There have been a series of unconfirmed rumors that the F-35Is have been used to attack Syrian targets, but there is no confirmation that the jets have flown any combat missions yet. The mission over Iran seems to be just one of these: a bogus claim most probably spread on purpose as part of some sort of PSYOPS aimed at threatening Israel’s enemies.

So, the new reports seem to suggest the Israeli F-35s were used in combat for a long range strike not far from the Iranian border. We can’t say much but we can just highlight a couple of things:

  1. the target location would probably require aerial refueling (or external fuel tanks that we don’t know anything about) – even though stand-off weapons were used. The published combat radius of the F-35A is 590NM. The distance (straight line) between Nevatim and the target area is about 520NM. Considered that the route from departure to target is not straight but a path that takes into consideration civilian and military airports, airways, navaids, etc, as well as threats, it safe to say the aircraft, without AAR, with stand off weapons, would still operate at the edge of their combat radius. Possible but unlikely. An AAR (in friendly airspace) is more than likely.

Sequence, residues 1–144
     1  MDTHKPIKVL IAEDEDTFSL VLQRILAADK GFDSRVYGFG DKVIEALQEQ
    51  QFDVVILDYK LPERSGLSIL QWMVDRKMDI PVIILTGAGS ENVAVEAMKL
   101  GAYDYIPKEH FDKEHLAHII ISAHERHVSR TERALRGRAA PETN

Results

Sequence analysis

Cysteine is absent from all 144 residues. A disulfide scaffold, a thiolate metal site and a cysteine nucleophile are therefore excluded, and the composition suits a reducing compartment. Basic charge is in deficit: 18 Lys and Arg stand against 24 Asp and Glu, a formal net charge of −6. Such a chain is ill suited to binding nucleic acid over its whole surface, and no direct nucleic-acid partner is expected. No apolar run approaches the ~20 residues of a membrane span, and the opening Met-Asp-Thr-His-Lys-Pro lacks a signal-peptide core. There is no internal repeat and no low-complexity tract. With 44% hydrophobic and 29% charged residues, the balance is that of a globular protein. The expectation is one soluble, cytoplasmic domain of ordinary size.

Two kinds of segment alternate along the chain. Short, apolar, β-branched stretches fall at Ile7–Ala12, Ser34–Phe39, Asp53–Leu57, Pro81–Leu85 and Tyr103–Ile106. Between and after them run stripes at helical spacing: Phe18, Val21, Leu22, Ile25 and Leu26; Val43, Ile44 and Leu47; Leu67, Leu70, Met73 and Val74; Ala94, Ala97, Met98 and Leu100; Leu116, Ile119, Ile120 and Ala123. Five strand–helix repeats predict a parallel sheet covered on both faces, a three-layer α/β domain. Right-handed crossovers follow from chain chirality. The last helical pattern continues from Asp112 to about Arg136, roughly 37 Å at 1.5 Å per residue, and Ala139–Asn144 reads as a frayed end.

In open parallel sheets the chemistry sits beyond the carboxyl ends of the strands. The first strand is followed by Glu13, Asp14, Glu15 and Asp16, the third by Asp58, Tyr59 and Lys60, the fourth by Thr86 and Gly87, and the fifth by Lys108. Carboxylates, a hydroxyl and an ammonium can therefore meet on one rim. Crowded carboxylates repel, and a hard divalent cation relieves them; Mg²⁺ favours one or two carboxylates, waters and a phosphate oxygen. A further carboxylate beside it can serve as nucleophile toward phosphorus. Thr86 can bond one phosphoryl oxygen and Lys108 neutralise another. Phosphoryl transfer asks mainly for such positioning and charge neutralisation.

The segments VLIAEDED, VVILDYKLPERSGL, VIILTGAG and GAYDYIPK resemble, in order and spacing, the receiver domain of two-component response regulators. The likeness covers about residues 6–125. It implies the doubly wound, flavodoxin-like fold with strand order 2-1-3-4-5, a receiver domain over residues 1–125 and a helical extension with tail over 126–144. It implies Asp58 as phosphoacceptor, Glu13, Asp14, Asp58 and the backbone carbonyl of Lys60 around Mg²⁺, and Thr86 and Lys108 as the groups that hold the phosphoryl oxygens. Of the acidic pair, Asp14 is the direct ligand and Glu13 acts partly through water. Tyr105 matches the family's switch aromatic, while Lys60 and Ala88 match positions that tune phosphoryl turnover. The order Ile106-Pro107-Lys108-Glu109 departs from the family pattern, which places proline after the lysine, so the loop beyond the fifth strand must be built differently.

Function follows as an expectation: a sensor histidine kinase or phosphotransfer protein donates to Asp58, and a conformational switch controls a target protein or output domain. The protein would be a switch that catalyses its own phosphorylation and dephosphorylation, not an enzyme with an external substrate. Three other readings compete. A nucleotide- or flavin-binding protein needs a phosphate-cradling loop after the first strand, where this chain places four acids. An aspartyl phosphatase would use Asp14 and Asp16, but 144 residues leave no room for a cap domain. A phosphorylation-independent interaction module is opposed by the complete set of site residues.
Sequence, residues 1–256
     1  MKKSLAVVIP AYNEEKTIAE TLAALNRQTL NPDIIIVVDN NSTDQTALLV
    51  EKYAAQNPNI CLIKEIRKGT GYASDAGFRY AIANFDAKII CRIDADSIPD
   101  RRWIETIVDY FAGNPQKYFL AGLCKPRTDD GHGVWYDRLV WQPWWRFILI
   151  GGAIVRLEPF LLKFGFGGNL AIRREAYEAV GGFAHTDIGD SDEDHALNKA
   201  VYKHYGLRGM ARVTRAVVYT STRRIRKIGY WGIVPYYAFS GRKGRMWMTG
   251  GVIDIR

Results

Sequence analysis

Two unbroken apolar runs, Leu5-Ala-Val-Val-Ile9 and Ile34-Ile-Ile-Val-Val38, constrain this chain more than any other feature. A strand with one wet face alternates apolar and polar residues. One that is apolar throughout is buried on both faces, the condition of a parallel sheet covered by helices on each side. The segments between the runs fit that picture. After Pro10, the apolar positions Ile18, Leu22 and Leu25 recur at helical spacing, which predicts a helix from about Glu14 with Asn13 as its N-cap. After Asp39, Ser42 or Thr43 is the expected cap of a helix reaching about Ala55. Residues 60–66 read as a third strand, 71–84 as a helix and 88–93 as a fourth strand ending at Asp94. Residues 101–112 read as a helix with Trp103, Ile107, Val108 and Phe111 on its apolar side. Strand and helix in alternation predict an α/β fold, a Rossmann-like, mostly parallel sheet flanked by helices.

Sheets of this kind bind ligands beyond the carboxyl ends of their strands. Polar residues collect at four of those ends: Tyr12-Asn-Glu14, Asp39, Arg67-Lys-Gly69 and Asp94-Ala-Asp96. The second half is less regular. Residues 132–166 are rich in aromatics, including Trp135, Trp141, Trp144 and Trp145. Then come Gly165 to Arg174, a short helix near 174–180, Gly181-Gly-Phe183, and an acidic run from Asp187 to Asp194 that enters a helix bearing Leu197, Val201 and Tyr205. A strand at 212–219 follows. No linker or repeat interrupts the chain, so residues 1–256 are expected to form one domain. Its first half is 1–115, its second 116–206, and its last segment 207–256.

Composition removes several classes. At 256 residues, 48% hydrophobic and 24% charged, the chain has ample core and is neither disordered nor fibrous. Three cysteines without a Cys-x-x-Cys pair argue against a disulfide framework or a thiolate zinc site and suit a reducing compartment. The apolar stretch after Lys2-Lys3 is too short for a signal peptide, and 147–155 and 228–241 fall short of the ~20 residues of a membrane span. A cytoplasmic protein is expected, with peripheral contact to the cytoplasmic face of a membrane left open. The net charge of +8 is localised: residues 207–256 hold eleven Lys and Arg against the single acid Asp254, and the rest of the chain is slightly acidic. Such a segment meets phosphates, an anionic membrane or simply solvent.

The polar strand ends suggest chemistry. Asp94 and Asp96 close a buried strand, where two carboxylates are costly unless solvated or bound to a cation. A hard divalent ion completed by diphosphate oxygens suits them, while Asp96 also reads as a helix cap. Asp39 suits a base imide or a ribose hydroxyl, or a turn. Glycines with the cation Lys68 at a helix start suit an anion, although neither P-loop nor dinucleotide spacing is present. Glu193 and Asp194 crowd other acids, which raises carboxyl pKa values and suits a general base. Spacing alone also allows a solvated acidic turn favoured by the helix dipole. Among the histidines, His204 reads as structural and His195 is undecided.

2. it’s not clear whether one or more F-35I Adir jets were involved
  3. based on the Arabic newspaper report, the type of involvement of the F-35 was probably “kinetic” (meaning that the aircraft dropped bombs) rather than “passive” (as an intelligence gathering platform).
  4. the participation of the F-35s in the air strikes has not been officially acknowledged.

Let’s wait and see if the F-35 participation in the strike is confirmed. Hopefully, more details will emerge in the following days.

About David Cenciotti
David Cenciotti is a journalist based in Rome, Italy. He is the Founder and Editor of “The Aviationist”, one of the world’s most famous and read military aviation blogs. Since 1996, he has written for major worldwide magazines, including Air Forces Monthly, Combat Aircraft, and many others, covering aviation, defense, war, industry, intelligence, crime and cyberwar. He has reported from the U.S., Europe, Australia and Syria, and flown several combat planes with different air forces. He is a former 2nd Lt. of the Italian Air Force, a private pilot and a graduate in Computer Engineering. He has written five books and contributed to many more ones.